White House

President Biden Proposes New Funding to Support Student Basic Needs

March 14, 2024

  • mark

    Mark Huelsman

    • Lewis Katz School of Medicine

      • The Hope Center

        • Director of Policy and Advocacy

  • Bryce

    Bryce McKibben

    • Lewis Katz School of Medicine

      • The Hope Center

        • Senior Director of Policy and Advocacy

This week, the Biden-Harris Administration released a proposed budget for Fiscal Year (FY) 2025, which suggests several new programs to lower the cost of higher education and reduce student basic needs insecurity, while also calling for expanded funding for a range of programs to help students afford the cost of attending college.

Building on last year's budget, the Administration proposes a suite of investments that acknowledge rising basic needs insecurity among students. The budget comes at an unusual time, with Congress still working to finalize the current year (FY 2024) appropriations process to fund all federal agencies and programs through September 30th of this year before it can turn to the President’s proposals (normally, this process is complete by the time the budget is released).

Students and families continue to weather the rising cost of higher education, including tuition and fees, and higher costs of everyday expenses like food, housing, child care, transportation, and technology. Nationally representative federal data released just last year reveal that 4.3 million students in higher education, including one in five undergraduates, experience food insecurity. Undergraduate students experience food insecurity and hunger at twice the rate of all U.S. households.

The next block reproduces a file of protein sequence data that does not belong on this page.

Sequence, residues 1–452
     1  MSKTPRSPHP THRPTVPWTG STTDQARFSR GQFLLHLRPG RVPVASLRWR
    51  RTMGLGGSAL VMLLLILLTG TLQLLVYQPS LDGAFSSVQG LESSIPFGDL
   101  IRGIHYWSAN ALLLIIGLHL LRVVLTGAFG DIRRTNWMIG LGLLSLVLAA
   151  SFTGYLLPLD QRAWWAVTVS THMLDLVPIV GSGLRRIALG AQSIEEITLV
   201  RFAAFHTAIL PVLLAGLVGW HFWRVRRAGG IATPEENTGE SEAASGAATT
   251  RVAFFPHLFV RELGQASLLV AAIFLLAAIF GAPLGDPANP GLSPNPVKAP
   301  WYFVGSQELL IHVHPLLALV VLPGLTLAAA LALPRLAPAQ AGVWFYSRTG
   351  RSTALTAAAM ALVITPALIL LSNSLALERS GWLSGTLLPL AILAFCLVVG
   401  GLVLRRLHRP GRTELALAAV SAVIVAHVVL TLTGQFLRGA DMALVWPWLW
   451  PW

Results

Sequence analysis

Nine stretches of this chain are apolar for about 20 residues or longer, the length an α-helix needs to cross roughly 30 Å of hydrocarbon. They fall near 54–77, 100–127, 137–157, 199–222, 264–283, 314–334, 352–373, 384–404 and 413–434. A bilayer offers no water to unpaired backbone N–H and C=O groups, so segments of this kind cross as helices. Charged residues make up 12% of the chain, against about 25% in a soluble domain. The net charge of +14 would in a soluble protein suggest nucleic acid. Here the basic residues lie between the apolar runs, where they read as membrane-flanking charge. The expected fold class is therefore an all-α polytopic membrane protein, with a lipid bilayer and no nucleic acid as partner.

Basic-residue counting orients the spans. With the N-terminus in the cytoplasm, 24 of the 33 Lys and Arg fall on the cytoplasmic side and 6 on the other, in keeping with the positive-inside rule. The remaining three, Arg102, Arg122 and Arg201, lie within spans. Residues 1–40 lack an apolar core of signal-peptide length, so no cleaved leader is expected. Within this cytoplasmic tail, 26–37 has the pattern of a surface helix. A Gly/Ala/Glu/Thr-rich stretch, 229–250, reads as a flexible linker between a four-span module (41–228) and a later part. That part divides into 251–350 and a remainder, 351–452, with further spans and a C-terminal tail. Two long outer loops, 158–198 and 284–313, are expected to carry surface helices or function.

Despite consistent and widespread basic needs insecurity, policymakers allowed many essential pandemic relief and economic security measures to expire over the past year, including expanded SNAP eligibility for students, expanded SNAP benefits for families, and emergency aid for students. Further, policymakers have failed to invest in comprehensive and sufficient supports to address the growing mental health crisis on- and off-campus, which is deeply interconnected with students’ ability to afford necessities and maintain basic financial security.

The FY 2025 budget includes a wide range of investments that, if adopted by Congress, would lower costs for students and help them address both tuition- and non-tuition costs. We strongly support the President’s longstanding proposal for a federal-state partnership to enact tuition-free community college, as well as to cover two years of tuition for low- and middle-income students at four-year Historically Black College and Universities (HBCUs), Tribally Controlled College and Universities (TCCUs), and Minority-Serving Institutions (MSIs). Free community college and tuition-free pathways at institutions that enroll and serve our nation’s most systemically marginalized students would help restore the promise of public education and federal student aid programs. It would also allow students to leverage existing grant aid and other resources for living expenses and other non-tuition costs.